The NS1A protein of influenza A virus: its crucial role in the inhibition of 3' end processing of cellular pre-mRNAs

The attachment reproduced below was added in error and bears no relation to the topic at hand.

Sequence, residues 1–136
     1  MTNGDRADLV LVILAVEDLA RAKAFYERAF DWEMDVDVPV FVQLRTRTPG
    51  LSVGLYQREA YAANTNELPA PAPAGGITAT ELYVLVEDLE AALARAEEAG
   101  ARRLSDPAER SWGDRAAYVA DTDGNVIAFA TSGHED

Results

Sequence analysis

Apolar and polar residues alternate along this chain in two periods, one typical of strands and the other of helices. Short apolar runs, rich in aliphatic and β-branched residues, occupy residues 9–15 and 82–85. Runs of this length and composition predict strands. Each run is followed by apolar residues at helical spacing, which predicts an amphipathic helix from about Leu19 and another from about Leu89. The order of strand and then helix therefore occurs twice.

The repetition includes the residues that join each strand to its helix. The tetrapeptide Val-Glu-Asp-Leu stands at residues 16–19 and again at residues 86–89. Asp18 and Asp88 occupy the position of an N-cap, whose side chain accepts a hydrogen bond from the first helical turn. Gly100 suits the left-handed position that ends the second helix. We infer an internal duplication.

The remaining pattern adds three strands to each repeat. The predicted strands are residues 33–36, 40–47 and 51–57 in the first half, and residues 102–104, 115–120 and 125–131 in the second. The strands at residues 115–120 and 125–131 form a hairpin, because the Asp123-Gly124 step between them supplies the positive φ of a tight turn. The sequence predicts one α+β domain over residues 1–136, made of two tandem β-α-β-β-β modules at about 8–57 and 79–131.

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Influenza A viruses, one of the four influenza virus genera, are responsible for the human pandemics that have caused high mortality rates, and the highly pathogenic virus transmitted directly from chickens to humans in 1997 is an influenza A virus. It has been shown previously that influenza A viruses, like many mammalian viruses induce the interferon-α/β (IFN-α/β)-independent activation of interferon regulatory factor-3 (IRF-3) and transcription of some IFN-α/β–stimulated response element (ISRE)-controlled cellular genes. This cellular defense against virus infection takes place prior to the synthesis of IFN-α/β. In addition, influenza A viruses are unique in that their nonstructural protein (NS1A protein) inhibits the posttranscriptional processing of these cellular antiviral pre-mRNAs. The NS1A protein contains two functional domains: an RNA-binding/dimerization domain at the amino terminus and an effector domain in the carboxyl half. The effector domain physically associates with two essential components of the machinery of the 3′ end processing of cellular pre-mRNAs: the 30kDa subunit of the cleavage and polyadenylation specificity factor (CPSF) and poly(A)-binding protein (PABII). The consequent inhibition of CPSF and PABII function inhibits the 3′ end processing of cellular pre-mRNAs in virus-infected cells, and as a result, cellular premRNAs are not cleaved and nuclear export of mature mRNAs is inhibited. This action of the NS1A protein also inhibits the production of IFN-β mRNA. Binding of CPSF30 to NS1A is mediated by two of its zinc finger domains, F2 and F3, and the CPSF30/F2F3 binding site on the NS1A protein extending from amino acid 144 to 186. We generated MDCK cells that constitutively express epitope-tagged F2F3, and showed that influenza A virus replication was selectively inhibited in this cell line. Influenza A virus induced increased production of IFN-β mRNA in the F2F3-expressing cells. These results, which indicate that F2F3 inhibits influenza A virus replication by blocking the binding of endogenous CPSF30 to the NS1A protein, point to this NS1A binding site as a potential target for the development of antivirals directed against influenza A virus. Moreover, we found the NS1A protein encoded by HK/483/97, the initial H5N1 virus that was transmitted from chicken to human in 1997, does not inhibit posttranscriptional processing of cellular pre-mRNAs. As a consequence, a chimeric Udorn/H5N1 virus that contains only the NS gene from A/HK/483/97 virus induced the production of a high level of IFN-β mRNA and was highly attenuated. In contrast, the NS1A protein encoded by the pathogenic H5N1 virus isolated in 2004 inhibited pre-mRNA processing, resulting in decreased production of IFN-β mRNA. These results demonstrate that the NS1A protein in H5N1 viruses acquired a function between 1997 and 2004 that enhances virus replication in mammalian cells.